Ali Abunimah reviews the Palestine Papers in the Christian Science Monitor and says they are evidence of a failed US foreign policy across the Middle East:
Some might say that the revelations about the peace process are hardly surprising. After all, its credibility was already threadbare. I disagree. What kept it on life support until now was the opacity and mystique that came from Mitchell’s tight-lipped shuttle diplomacy, from the hopes that Mr. Obama was somehow really different, and that at the end of all this the United States would show its hand and pressure Israel to do the things it doesn’t want to do but that are needed for peace.
The Palestine Papers show us once and for all that this is all a bluff. Mitchell has no cards up his sleeve, and the other players are no longer even at the table. The Palestine Papers have probably struck a regime-ending blow to the Abbas leadership. True, Abbas may remain in Ramallah for some time to come, thanks to massive external support. But his clique does not speak for, and cannot make a deal on behalf of the Palestinian people. As for Israel’s leadership, the supposedly “moderate” government of Ehud Olmert consistently rejected Palestinian concessions on every key issue – concessions that, when revealed in The Palestine Papers, have shocked the Palestinian public. It’s impossible to imagine Mitchell returning to the same old game.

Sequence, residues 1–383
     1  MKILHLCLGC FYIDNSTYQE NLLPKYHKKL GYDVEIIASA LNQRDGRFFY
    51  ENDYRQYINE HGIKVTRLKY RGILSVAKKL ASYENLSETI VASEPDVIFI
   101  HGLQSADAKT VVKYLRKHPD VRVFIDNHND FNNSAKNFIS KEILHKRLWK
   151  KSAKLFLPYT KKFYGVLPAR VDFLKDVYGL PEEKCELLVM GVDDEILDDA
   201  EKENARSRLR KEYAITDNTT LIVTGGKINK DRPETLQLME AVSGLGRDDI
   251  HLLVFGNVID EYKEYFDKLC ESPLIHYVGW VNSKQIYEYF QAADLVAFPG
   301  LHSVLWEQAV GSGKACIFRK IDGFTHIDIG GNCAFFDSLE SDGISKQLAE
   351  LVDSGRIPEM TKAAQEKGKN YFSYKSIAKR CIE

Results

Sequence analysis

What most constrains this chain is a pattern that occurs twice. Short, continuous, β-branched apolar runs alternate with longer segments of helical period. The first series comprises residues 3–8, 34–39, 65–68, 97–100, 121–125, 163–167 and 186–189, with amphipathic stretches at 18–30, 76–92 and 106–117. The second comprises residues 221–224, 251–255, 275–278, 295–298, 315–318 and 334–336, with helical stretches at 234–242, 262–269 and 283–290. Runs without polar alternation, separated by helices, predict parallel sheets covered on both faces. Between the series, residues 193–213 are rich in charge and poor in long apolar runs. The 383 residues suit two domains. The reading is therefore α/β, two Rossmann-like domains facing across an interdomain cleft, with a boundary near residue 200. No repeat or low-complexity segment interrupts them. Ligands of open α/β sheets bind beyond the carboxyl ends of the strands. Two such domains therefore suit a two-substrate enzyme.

It is possible, however, to imagine a dynamic new US approach: ending unconditional aid and diplomatic support for Israel, allowing Palestinians to democratically choose a consensus leadership – even if the US doesn’t like it – and supporting their global, grassroots struggle that takes as inspiration the same values as those of the US Civil Rights movement and the anti-apartheid struggle in South Africa. The US would also insist that any peace process has as its goal the fulfilling of international law and universal human rights. More broadly, the US would end its backing for reviled dictatorships across the region so that people can reshape their futures as they see fit, with all the hopes, opportunities, and risks such dramatic change would entail.
Of course, that is a distant dream. I expect the US will carry on as it has since the last time a US president, Eisenhower, challenged Israeli territorial aggrandizement head-on back in the 1950s. But the message from the reaction to The Palestine Papers and the protests for democracy and economic justice in countries across the region is that if the United States is unable to change its utterly failed policies, it might as well get out of the way and let the people act to secure their rights and dignity.